MANILA — The Department of Education (DepEd) is collaborating with the Department of Health (DOH) in integrating rabies education in the national curriculum to achieve a zero-rabies Philippines by 2020.
“We in DepEd are very happy that we have this integration of rabies education in our curriculum. We are lucky to have the DOH, the Department of Agriculture and other non-governmental organizations, which are helping us in producing the learning resources that we can use in implementing the integration of rabies education in our curriculum,” said Ronnie Baldos, senior education specialist of DepEd, during a media briefing for the 2017 National Rabies Summit held at the Century Park Hotel in Manila.
Baldos said the materials that will be incorporated in the curriculum, once in place, can help them a lot in the advocacy for zero rabies in the country.
He said they are meeting with partner government agencies and the Global Alliance for Rabies Control (GARC).
The inclusion of rabies education in the national curriculum is provided for under Republic Act No. 9482 or the Anti-Rabies Act of 2007, which tasks the departments of health, agriculture, interior and local government, and education and other stakeholders in controlling rabies.
Dr. Danellie Joy Medina of GARC said children can be taught about rabies in various school subjects, such as in Values Education, Filipino and English.
“Kahit three to five years pa lang ang bata ay pwede nang maturuan (Children as young as three to five years old can already be taught) about rabies, such as how they should behave para di sila makagat ng aso (so they don’t get bitten by dogs),” she said.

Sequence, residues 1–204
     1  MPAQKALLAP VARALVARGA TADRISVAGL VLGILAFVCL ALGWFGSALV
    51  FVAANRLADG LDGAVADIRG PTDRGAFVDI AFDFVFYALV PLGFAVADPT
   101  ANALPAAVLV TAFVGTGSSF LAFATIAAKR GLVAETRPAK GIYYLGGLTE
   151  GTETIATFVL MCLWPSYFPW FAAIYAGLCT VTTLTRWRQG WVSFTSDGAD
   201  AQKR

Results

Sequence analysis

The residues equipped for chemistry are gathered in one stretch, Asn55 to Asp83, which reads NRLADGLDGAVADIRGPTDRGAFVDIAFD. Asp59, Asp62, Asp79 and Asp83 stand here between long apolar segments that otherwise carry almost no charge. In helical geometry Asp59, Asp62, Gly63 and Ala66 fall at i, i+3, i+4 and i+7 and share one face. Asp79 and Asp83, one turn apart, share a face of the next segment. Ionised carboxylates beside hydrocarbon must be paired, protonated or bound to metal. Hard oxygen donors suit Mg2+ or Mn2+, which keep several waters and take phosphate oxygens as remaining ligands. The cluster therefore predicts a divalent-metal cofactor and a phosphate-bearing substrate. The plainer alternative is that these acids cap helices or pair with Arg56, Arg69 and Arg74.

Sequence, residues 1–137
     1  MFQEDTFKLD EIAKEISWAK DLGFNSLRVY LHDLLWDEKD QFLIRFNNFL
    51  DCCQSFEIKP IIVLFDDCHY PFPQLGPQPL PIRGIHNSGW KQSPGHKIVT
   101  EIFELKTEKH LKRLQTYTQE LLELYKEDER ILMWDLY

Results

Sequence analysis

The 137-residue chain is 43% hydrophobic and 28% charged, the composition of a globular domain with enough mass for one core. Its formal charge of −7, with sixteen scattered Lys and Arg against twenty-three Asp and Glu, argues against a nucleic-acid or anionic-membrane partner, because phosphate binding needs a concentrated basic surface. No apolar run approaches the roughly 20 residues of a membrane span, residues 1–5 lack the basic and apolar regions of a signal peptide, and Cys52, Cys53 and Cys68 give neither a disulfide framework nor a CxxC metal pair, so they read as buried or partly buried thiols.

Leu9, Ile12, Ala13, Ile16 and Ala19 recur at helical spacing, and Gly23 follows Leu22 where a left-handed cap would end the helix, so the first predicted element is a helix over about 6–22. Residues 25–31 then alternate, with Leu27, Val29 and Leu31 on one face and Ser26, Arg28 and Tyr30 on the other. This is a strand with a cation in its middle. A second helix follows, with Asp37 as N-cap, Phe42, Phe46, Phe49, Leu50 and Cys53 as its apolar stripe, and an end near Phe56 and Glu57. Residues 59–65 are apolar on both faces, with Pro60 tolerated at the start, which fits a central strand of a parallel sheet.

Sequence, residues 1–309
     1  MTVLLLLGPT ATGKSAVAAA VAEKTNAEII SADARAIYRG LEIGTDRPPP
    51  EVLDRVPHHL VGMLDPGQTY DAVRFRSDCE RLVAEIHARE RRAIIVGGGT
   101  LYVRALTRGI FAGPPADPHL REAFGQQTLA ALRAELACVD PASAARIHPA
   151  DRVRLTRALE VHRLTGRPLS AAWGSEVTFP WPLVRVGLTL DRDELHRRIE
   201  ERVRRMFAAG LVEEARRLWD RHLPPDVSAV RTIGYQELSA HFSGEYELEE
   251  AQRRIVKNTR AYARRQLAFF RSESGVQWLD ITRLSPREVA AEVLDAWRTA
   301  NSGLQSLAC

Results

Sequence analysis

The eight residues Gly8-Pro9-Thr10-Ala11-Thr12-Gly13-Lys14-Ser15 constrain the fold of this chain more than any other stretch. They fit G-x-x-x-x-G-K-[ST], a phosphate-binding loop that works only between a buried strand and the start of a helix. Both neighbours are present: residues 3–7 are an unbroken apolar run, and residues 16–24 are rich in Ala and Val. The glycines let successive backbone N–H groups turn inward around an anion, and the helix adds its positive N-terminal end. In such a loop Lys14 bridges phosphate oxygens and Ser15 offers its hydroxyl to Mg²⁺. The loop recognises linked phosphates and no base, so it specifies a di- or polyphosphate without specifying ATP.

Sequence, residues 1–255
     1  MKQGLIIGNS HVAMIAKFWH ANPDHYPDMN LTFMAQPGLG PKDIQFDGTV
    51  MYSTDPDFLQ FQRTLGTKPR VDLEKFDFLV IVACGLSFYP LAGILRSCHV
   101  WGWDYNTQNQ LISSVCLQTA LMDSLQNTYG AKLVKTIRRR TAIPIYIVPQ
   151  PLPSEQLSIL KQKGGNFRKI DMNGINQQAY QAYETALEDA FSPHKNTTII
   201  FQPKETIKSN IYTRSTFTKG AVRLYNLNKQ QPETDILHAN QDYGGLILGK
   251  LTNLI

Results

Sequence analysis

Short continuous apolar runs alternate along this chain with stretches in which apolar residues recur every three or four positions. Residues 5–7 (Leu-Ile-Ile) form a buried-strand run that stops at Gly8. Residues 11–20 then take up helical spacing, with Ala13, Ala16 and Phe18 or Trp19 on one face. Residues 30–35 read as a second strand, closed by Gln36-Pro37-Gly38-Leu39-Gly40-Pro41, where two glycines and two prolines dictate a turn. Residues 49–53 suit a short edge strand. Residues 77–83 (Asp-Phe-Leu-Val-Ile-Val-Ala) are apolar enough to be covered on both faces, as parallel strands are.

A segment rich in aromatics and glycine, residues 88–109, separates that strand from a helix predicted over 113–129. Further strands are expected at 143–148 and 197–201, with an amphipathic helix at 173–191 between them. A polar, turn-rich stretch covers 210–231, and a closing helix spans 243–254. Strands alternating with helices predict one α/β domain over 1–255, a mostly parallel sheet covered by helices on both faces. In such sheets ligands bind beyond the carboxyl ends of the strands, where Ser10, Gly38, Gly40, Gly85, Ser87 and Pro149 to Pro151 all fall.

Medina also called on educators to teach children to report animal bites to their parents immediately to prevent the disease from progressing, adding that parents should likewise be taught how to respond to bite incidences.
She said that in their advocacy activities in communities, they urge parents not to react in anger when their children report that they were bitten by dogs.
The DOH has been intensifying its programs and services for the prevention and control of rabies, a fatal disease transmitted to humans through animal bites or scratches, usually by dogs. It could be prevented by an anti-rabies vaccine, but once infection sets in, death is inevitable.
The department’s National Rabies Prevention and Control Program recorded 1,362,998 animal bites across the country last year, 209 of which resulted in death.
The National Rabies Summit gathered stakeholders to collaborate and share strategies to attain a rabies-free country by 2020, and highlighted the best practices of municipalities declared as rabies-free.
It coincided with World Rabies Day, which is celebrated every September 28. (PNA)